Cold hardy kale varieties- lacinato, green, and red Russian - in the field.

Our winter crop of Swiss chard in the cold house.

Changes to Your Delivery?


If you will be away some upcoming week, and need to make changes to your share delivery, let me know at least 1 week before the change. You can have your share donated to the Food Pantry, or I can stop your share delivery and you will retain a credit on your account toward the purchase of your next share.



Local Author's Reading Benefit - Friday, December 2nd at 6:30pm


Back by popular demand! The Center for an Agricultural Economy and the Galaxy Bookshopare co-sponsoring another Local Authors' Reading on December 2nd at 6:30pm.

This benefit for the Hardwick Area Food Pantry and the CAE's Food Access Fund, brings together local authors and farmers, who will read their individual works in celebration of food and agriculture. This year authors Bethany Dunbar, Ben Hewitt and Julia Shipley will be joined by farmer Pete Johnson of Pete's Greens and a young, up and coming writer, Annie Myers, originally from Brooklyn, NY and now living in Craftsbury. Find out more on The Center's blog or by contacting Elena Gustavson at elena@hardwickagriculture.org or 802-472-5840.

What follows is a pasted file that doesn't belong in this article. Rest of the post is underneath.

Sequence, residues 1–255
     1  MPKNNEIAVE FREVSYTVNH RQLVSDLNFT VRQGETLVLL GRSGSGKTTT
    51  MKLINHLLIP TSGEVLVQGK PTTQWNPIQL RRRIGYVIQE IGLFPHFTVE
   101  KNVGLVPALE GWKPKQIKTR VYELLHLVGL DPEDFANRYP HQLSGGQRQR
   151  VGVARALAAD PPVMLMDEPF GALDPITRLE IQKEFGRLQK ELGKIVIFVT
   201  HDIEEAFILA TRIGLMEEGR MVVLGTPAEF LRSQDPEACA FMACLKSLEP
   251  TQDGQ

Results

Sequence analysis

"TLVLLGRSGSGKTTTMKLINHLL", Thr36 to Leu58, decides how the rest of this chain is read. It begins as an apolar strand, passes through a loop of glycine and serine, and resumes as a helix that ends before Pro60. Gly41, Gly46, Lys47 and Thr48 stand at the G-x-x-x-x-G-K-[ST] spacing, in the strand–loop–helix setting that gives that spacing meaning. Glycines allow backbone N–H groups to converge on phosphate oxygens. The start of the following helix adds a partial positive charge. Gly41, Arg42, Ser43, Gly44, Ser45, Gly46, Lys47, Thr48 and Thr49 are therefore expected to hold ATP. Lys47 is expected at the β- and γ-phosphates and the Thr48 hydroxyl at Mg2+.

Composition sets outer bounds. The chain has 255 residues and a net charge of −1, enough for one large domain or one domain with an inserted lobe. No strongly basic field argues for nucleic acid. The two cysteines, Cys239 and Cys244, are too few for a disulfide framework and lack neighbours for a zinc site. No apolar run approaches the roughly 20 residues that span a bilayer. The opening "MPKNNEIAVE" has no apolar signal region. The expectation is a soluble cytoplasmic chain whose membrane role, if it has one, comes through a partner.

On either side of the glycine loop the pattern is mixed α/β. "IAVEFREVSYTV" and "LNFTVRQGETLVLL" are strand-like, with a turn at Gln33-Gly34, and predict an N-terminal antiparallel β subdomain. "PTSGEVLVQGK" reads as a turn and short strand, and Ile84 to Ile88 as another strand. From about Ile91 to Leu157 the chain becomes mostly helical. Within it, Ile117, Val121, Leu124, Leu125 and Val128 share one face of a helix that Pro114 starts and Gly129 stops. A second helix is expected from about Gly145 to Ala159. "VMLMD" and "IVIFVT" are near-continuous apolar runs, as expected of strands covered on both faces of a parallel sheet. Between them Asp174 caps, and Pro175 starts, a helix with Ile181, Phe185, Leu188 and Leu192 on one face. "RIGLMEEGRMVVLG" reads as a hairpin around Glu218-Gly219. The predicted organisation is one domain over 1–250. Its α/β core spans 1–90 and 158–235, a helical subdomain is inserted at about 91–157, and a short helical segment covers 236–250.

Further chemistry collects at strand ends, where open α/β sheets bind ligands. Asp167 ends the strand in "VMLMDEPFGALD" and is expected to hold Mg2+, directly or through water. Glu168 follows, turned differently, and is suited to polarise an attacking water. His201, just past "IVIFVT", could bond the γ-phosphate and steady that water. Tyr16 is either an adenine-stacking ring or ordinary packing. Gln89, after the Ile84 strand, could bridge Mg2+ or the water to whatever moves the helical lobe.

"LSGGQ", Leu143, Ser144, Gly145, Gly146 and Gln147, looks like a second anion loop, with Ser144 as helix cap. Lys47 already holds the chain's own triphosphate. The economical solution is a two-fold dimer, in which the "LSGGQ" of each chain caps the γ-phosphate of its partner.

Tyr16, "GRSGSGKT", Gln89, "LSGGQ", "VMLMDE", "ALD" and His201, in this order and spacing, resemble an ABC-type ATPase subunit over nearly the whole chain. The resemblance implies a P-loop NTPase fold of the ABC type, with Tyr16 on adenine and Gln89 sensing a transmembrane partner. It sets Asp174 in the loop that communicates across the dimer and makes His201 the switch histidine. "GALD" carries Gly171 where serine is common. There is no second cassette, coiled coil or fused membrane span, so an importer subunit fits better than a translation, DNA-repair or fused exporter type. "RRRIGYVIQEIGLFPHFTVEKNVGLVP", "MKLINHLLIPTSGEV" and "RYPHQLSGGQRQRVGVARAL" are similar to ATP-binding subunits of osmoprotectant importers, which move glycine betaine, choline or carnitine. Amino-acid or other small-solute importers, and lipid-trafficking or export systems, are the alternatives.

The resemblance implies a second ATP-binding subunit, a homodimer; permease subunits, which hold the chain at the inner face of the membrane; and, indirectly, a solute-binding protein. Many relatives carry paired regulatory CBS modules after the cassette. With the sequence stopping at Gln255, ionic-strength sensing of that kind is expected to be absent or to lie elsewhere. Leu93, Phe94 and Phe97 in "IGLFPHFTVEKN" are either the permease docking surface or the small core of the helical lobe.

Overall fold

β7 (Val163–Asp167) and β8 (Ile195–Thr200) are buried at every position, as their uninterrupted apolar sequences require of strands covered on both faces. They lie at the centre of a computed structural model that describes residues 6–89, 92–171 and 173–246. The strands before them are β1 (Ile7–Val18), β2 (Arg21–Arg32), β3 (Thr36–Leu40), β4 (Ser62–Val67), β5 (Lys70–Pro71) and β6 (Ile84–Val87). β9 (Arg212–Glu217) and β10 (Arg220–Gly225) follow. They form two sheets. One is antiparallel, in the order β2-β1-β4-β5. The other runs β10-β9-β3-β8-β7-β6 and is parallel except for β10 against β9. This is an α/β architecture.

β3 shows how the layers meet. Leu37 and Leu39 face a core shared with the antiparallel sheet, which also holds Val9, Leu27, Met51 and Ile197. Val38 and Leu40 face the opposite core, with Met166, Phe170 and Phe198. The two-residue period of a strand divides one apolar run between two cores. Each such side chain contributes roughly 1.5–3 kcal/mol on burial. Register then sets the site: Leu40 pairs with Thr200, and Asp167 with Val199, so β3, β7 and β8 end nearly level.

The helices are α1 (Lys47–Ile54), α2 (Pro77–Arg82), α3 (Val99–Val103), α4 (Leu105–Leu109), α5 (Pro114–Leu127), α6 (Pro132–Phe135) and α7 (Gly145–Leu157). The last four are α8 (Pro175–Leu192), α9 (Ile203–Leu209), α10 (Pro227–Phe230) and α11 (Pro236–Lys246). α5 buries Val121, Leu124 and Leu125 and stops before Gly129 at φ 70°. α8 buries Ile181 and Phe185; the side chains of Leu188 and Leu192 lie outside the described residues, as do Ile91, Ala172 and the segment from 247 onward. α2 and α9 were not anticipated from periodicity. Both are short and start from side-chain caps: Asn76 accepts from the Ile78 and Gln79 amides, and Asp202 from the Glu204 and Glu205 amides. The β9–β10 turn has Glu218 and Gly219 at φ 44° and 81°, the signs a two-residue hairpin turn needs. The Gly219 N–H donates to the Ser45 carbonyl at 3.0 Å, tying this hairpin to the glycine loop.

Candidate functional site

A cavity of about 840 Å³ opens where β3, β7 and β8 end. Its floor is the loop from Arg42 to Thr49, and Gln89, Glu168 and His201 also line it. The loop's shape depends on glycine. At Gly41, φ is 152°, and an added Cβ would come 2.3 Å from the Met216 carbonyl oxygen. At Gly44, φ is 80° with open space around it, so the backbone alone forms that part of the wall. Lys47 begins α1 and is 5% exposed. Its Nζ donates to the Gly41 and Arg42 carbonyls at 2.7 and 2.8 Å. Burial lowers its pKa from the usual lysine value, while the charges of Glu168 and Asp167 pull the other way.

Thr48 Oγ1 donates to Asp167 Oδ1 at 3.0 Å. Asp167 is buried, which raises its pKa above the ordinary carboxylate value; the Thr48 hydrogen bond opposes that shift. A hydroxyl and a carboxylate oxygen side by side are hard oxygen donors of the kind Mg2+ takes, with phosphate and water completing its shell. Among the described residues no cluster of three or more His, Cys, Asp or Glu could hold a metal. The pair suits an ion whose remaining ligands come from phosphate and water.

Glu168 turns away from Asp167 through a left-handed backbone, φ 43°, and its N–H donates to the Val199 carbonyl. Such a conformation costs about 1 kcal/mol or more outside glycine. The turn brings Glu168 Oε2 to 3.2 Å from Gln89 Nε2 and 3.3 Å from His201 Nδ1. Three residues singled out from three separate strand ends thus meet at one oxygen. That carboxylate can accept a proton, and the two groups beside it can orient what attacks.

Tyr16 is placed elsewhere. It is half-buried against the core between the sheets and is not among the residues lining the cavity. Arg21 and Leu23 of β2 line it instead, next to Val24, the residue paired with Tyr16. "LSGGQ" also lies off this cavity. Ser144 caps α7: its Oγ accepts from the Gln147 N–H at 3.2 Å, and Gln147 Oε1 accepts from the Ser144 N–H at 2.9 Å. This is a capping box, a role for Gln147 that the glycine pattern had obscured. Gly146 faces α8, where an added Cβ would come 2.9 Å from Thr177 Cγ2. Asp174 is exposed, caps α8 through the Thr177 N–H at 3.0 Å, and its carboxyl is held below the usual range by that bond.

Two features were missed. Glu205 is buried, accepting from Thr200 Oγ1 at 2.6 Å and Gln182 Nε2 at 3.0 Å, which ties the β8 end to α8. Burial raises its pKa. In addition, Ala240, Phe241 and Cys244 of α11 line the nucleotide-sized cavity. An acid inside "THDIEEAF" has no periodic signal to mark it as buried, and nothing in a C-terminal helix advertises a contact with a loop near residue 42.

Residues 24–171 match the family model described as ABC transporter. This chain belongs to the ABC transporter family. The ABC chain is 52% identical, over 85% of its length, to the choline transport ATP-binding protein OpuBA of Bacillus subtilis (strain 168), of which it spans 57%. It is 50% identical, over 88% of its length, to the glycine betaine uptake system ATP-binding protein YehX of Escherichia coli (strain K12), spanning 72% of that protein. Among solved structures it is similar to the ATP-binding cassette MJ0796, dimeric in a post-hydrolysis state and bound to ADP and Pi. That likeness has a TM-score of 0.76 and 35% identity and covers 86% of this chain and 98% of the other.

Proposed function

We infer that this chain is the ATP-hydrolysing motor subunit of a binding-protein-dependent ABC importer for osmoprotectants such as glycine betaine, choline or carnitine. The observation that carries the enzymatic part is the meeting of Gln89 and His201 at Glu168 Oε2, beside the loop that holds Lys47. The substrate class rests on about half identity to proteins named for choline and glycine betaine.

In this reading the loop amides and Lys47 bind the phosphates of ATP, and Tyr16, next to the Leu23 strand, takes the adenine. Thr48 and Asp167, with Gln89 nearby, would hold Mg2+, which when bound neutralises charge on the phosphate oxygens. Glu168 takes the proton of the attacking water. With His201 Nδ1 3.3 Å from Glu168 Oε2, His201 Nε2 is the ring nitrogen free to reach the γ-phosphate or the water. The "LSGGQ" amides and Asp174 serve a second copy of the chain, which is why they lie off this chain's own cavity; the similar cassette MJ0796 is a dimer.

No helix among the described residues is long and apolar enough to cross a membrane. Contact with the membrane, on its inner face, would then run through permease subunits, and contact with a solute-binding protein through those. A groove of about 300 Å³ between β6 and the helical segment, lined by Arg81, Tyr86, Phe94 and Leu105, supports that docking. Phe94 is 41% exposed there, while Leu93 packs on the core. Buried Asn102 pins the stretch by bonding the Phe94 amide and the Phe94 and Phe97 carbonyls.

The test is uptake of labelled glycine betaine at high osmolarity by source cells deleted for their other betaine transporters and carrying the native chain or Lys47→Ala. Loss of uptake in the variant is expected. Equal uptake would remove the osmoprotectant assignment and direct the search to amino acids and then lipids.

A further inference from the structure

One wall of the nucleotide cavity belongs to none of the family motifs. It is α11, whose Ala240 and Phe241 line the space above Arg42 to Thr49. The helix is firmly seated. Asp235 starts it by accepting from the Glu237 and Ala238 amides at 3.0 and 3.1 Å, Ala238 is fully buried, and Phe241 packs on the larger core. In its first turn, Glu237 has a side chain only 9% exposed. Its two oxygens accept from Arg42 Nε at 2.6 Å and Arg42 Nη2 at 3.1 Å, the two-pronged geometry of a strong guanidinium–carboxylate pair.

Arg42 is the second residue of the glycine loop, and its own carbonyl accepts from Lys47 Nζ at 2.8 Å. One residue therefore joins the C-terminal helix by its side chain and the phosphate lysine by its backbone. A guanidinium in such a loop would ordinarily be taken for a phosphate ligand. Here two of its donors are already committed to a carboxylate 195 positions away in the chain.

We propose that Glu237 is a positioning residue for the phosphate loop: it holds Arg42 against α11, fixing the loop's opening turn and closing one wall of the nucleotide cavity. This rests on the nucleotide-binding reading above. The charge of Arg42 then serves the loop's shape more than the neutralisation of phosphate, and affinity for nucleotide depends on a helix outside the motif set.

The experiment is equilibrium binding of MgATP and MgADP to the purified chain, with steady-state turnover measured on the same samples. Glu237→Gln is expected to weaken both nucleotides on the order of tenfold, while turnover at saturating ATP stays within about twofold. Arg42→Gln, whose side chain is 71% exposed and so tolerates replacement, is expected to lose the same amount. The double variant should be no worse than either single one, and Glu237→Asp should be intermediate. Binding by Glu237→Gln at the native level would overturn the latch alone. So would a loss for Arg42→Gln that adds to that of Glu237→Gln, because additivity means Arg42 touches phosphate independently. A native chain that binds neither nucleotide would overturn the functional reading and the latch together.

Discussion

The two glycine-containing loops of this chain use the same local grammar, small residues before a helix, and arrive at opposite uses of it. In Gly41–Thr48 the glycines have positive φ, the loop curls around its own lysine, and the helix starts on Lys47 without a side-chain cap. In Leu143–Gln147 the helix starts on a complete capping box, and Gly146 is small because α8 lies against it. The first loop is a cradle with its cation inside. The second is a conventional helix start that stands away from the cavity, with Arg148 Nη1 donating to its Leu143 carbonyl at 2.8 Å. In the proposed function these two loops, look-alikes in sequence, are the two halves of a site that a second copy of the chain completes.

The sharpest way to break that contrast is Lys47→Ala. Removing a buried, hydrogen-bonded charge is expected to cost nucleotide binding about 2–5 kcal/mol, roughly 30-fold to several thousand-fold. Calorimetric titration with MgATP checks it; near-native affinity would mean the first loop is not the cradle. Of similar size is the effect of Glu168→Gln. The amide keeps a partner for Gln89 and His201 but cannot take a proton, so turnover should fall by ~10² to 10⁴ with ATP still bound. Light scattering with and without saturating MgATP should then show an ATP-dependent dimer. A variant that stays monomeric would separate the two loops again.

Storage & Use Tips


Cippolini Onions - Pronounced chip-oh-LEE-nee. These are the short, disk-shaped yellow onions in your bag. Originating in Italy, cippolinis are very sweet and delicious. Try roasting some whole. Peel them, toss with a liberal amount olive oil, a few sprigs of thyme, salt and pepper, and roast in a 375F oven for around 30 minutes, or so. Serve as a side dish. Store in a cool dark place.